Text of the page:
There wasn't much surprise when the Philadelphia 76ers took Ben Simmons No. 1 overall in the 2016 NBA draft, but let's rewind to 2003. The Detroit Pistons took center Darko Milicic at No. 2 over future All-Stars Carmelo Anthony, Chris Bosh and Dwyane Wade. Milicic is no longer in the NBA and has been dubbed one of the biggest draft busts of all time.

    Still, a pressure-packed choice is a good problem to have when it's at the top of the draft. Do these Sixers fans look upset to you?

Scheduling Conflicts

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    Mark J. Terrill/Associated Press

    Problem for: Fans

    Scheduling conflicts are a real bummer. Then again, if a lot of great sports are available, that's a good problem to have, right?

    Take the MLB playoffs and college football, for example. In mid-October, a thrilling Ohio State vs. Wisconsin matchup coincided with Game 1 of the National League Championships Series between the Chicago Cubs and Los Angeles Dodgers. What to watch?!

    Perhaps one of the best examples in recent memory came on one fateful night in April. The Golden State Warriors were playing for an unprecedented 73rd win, a victory that would (and did) move them past the 1995-96 Chicago Bulls for winningest regular-season NBA team of all time.

    At the exact same time, Los Angeles Lakers legend Kobe Bryant was busy scoring 60 points in the final game of his 20-year career.

    Twitter could not deal.

Free-Agent Decisions

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    Problem for: Players

    Big-time free agents have to make big-time decisions. And when more than one team is interested, the athlete always leaves someone disappointed.

    For example, Tampa Bay Lightning center Steven Stamkos was a jewel of NHL free agency in 2016. There were several other teams in the mix, however, including the Toronto Maple Leafs, Detroit Red Wings and Buffalo Sabres. There were rumors the Sabres would go as high as $12 million per year, per TSN's Darren Dreger (via Chris Nichols of todaysslapshot.com). 

    Stamkos ultimately re-signed with the Lightning on an eight-year deal worth an average of $8.5 million per year.

    Or consider Al Horford. The NBA big man signed a four-year, $113 million max contract with the Boston Celtics despite interest from the Washington Wizards and his previous team, the Atlanta Hawks.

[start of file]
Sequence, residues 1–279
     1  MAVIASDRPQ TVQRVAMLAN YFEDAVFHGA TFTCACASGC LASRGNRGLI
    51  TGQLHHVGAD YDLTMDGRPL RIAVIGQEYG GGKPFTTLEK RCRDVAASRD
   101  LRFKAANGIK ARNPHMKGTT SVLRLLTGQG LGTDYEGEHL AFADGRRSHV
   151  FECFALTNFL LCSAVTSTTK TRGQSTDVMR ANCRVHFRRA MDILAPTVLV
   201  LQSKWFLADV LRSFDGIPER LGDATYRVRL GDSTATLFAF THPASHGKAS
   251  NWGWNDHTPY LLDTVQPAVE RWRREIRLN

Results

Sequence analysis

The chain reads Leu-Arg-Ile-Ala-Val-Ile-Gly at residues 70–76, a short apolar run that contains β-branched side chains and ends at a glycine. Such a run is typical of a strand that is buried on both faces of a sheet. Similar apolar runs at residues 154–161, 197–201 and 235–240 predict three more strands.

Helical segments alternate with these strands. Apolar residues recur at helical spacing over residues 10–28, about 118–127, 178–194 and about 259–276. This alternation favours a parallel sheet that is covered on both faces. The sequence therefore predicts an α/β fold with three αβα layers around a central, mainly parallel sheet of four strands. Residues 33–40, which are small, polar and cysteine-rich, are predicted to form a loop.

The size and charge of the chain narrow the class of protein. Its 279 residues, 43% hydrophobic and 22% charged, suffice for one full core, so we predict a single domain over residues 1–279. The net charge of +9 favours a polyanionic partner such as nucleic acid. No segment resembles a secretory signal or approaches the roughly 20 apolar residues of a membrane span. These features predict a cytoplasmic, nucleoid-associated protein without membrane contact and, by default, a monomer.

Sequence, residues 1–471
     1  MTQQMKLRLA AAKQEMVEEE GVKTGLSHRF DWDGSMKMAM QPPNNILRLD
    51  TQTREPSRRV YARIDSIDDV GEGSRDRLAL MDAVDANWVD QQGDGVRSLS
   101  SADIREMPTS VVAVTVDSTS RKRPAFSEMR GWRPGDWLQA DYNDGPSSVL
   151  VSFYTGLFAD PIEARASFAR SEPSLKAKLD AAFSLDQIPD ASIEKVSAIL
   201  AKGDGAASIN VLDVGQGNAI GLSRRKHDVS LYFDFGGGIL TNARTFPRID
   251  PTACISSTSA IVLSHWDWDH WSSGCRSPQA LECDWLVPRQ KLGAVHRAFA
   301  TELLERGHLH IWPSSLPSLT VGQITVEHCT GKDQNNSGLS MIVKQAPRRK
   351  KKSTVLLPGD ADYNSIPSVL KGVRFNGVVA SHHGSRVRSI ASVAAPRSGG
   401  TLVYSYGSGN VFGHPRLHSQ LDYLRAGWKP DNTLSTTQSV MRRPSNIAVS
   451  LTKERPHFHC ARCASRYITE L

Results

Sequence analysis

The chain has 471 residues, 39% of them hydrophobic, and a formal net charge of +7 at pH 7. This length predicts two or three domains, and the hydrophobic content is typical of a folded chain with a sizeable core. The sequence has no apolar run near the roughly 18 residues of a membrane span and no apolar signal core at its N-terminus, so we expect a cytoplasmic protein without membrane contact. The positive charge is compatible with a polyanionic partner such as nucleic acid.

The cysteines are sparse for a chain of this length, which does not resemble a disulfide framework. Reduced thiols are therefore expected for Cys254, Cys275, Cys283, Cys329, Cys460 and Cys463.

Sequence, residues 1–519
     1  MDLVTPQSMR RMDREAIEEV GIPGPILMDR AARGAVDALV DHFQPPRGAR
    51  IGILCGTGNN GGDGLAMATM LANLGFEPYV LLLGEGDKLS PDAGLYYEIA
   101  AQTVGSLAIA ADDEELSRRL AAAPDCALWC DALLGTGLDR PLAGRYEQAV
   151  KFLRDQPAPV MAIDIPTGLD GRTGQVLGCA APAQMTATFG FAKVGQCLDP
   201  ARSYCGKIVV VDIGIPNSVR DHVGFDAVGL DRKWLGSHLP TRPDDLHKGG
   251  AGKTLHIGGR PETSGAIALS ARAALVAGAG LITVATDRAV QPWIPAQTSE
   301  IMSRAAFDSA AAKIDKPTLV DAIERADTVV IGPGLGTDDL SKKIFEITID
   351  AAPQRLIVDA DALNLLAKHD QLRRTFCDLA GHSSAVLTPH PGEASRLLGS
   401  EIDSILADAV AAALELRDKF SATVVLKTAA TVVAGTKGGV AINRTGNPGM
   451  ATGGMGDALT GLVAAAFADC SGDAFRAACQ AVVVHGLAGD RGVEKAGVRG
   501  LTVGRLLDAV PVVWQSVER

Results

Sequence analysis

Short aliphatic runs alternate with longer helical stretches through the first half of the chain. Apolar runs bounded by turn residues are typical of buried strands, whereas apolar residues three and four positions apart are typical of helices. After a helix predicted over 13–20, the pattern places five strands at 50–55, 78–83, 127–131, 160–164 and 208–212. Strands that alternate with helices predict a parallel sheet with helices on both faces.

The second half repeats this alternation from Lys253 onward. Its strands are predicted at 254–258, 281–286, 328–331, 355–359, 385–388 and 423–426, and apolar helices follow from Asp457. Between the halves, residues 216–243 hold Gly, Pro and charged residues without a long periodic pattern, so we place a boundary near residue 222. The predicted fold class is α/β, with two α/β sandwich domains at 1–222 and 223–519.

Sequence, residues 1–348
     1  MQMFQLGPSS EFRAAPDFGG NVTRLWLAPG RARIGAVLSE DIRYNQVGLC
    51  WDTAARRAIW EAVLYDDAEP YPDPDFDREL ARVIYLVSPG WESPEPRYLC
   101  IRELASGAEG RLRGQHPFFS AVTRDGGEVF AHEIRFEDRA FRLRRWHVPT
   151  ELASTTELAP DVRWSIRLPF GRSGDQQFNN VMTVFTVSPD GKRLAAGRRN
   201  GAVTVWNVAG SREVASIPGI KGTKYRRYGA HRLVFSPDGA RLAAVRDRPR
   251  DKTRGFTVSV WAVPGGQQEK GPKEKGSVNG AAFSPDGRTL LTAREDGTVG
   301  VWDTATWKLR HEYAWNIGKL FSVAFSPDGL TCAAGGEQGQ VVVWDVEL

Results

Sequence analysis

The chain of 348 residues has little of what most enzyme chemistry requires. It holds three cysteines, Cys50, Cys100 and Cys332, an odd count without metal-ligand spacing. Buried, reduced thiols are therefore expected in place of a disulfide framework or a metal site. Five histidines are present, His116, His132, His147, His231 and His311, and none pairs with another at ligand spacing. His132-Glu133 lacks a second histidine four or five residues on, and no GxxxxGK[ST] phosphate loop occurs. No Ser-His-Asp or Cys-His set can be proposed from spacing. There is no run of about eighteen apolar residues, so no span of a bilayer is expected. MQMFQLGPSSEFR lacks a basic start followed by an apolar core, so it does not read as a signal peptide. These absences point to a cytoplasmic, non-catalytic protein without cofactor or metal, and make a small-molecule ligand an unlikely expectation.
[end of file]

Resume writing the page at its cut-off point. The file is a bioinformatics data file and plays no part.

Choosing between multiple suitors, all of whom can pay millions, would be a challenge for any athlete—but obviously a beneficial one as well.   

High Expectations

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    Problem for: Teams

    On the Golden State Warriors' offseason acquisition of Kevin Durant, Bleacher Report's Michael Pina wrote, "But no matter how loaded this Golden State squad looks on July 4, nothing is guaranteed. The Warriors are the presumptive favorite to win it all next season, but they'll attempt to do so with more pressure than any organization has ever faced."

    Also, consider these points: 

    • Since the first AP college football preseason poll in 1950, 10 preseason No. 1 teams have gone on to win the title—a decent number, but far from the majority.
    • In the history of the NCAA men's basketball tournament, seven teams have gone undefeated and won the national title, but none have achieved the feat since the tournament expanded to 64 teams in 1985.
    • The Chicago Cubs have been the favorites to win the World Series since April, per OddsShark.com, but obviously there are no guarantees.

    To be highly ranked or a preseason favorite is a heavy burden. That said, it also indicates a level of...well, goodness. So it can't be all bad. 

Talent Affecting Chemistry?

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    Problem for: Teams

    Speaking of the Golden State Warriors—success in sports isn't all about talent. It's about chemistry too.

    Will the addition of former league MVP Kevin Durant disrupt the flow of a team that won 73 regular-season games in 2015-16?